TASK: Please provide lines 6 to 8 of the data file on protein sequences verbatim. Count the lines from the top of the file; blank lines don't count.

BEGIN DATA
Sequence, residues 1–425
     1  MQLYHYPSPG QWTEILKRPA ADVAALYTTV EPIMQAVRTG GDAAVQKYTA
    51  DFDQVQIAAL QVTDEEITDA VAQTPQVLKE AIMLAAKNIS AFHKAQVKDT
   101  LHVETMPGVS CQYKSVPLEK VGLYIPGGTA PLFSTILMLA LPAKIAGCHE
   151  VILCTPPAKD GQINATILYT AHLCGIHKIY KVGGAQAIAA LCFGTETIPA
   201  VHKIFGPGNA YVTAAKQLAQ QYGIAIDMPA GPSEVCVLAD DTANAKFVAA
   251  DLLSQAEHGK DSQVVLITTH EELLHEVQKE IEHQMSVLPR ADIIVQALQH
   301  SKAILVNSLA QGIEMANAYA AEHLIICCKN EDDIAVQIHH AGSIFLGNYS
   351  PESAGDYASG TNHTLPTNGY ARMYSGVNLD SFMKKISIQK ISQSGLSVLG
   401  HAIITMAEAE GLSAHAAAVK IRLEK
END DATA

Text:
   201  VHKIFGPGNA YVTAAKQLAQ QYGIAIDMPA GPSEVCVLAD DTANAKFVAA
   251  DLLSQAEHGK DSQVVLITTH EELLHEVQKE IEHQMSVLPR ADIIVQALQH
   301  SKAILVNSLA QGIEMANAYA AEHLIICCKN EDDIAVQIHH AGSIFLGNYS